The Bulls are 26-13 and comfortably in first place in the Central Division.
Coach Tom Thibodeau doesn’t think so. He lives in a glass snow globe with tiny basketballs floating about instead of snowflakes and a miniature glass backboard where Santa’s sleigh should be.
His world is one of maximum effort at all times, resting only to rack those miniballs and start a new drill. And he’d prefer that most of those drills didn’t even have a ball involved.
Defense. Effort. Teamwork. Focus. Desire. Move your damn feet! He wants his team to battle the best teams into submission and beat the crap out of the lousy teams.
And the Bulls aren’t doing that. Not the second part, anyway. After getting beaten by the lowly Magic 121-114 on Monday night at the United Center, the Bulls have lost seven games to teams below .500, with five of those coming at home.
For a club fancying itself a title contender, that’s ridiculous.
And Thibs doesn’t do ridiculous very well.
‘‘Either you’re in the circle or you’re out of the circle,’’ he said angrily after the loss to the Magic, a team that came in with a six-game losing streak, in last place in the Southeast Division.
The circle, we’ll assume, is an important place for Thibs. Maybe sacred. The triangle was huge for Phil Jackson, Big Chief Triangle. Geometric shapes. Hmmm. Shall we call Thibodeau Captain Circle?
‘‘You want to be in [the circle]?’’ Thibs finished. ‘‘Let’s go. You don’t want to be in? That’s fine, too.’’
Oh, no, no, no. Not fine.
When coaches say stuff like that, they really mean: I’ll run you guys till you puke. Or, you’ll be traded after the season. Or, worst of all: I’ll bench your lazy butt.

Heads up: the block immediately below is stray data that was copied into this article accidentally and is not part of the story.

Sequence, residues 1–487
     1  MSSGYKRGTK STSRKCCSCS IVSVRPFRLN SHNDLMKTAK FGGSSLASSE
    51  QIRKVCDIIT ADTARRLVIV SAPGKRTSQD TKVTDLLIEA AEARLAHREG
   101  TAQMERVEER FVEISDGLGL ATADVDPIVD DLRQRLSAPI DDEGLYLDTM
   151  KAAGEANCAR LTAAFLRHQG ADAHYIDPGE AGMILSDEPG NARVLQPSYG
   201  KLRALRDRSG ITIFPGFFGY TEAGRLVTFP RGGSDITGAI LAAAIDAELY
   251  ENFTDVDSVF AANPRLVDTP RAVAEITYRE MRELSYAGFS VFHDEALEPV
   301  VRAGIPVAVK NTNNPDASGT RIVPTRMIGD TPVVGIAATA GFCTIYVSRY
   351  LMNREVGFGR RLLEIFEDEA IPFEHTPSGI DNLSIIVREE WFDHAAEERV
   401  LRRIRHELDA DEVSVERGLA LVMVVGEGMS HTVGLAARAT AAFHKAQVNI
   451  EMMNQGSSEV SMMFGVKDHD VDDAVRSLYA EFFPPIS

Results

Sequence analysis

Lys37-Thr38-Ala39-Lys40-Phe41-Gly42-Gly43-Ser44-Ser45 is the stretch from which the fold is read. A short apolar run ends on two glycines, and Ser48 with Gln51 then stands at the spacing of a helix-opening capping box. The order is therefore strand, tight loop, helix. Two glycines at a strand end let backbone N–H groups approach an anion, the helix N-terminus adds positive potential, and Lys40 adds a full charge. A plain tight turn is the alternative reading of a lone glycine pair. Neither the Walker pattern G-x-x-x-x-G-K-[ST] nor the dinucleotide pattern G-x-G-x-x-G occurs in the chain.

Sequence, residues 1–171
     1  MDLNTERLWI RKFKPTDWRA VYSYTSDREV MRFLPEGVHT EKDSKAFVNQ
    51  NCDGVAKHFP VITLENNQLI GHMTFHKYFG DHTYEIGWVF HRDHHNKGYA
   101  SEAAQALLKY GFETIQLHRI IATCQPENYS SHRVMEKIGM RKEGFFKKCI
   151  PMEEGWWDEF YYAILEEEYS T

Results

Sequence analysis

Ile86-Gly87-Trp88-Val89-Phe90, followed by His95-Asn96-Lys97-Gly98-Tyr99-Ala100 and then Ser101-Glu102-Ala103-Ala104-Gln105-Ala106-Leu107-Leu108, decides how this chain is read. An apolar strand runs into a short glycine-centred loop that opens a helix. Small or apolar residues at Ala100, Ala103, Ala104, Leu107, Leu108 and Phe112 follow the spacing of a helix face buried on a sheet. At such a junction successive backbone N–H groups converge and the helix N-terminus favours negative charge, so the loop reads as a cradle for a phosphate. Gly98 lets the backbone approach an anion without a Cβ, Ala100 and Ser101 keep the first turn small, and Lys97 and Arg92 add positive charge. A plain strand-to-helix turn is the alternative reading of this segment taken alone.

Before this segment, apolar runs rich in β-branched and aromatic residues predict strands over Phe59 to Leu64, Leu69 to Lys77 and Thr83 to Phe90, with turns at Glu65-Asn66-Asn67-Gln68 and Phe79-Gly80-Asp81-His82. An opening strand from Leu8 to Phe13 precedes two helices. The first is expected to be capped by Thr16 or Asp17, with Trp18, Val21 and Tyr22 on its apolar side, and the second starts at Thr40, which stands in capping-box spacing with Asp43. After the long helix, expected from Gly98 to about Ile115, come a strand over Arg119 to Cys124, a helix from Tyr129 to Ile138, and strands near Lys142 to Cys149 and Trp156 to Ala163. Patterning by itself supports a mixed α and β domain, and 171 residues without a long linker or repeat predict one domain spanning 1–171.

A defensive expert, Thibodeau can’t stand it when his team doesn’t give the effort that will stop the foe. Shooting slumps happen. Not moving your feet or blocking out or fighting for every spot on the floor — those things should never happen in Tom’s World.
For Thibodeau, everything comes down to defense, and letting a team such as the Magic score 121 points? Well, how do you do it?
You must be outside that circle, is how.
So whom do we point to, if anyone?
Well, Pau Gasol is lighting it up offensively and yanking down rebounds at a tremendous rate, but he’s not a great defender. Magic center Nikola Vucevic getting 33 points, 11 rebounds and four assists wasn’t Gasol’s fault, though his 34-year-old legs don’t match up well with a 24-year-old’s.
Which brings us to center Joakim Noah. Though he’s only 29, his knees might be a decade or two older. He has been slowed and hurt and just a shadow of the wild man who won NBA Defensive Player of the Year last season.
Rookie Nikola Mirotic doesn’t play Thibs-style defense yet, but he’s still learning. Mike Dunleavy has been out with a jammed ankle, and he’ll never be a great defender. But that’s not why he’s in town. It’s to play smart and drain threes.
Shooting guard Jimmy Butler gives his all, all the time. If he’s got another gear, it’s overdrive with a supercharger.
Taj Gibson off the bench is pretty dependable, as is guard Kirk Hinrich, though you always wonder what part of his body Captain Kirk will hurt next.
Then we have little guard Aaron Brooks, all 161 pounds of him, who is as fast as a sand flea but hardly a barrier to anyone on defense. And, somehow, we circle around to the guy upon so much with these Bulls depends — Derrick Rose.
Is there a ‘‘D’’ in Derrick? Sometimes we wonder.
His knees are still recovering, and he might never be the man he was when he won the league MVP award, but is his defensive effort there?
Rose doesn’t seem to fight through screens as hard as before, and there are times it seems he’s almost playing streetball, waiting for an outlet pass so he can run to the end of the floor where the fun stuff is. Rose sometimes looks as though he doesn’t really want to bend over and assume that difficult, tense squat position that is at the core of all defensive postures in most sports.
Turnovers are part of defense, too. Protecting the ball. Never getting casual with it. Which Rose does at times.
A turnover is basically worth a point to the other team.
To Thibodeau, it might be a break in the sacred circle.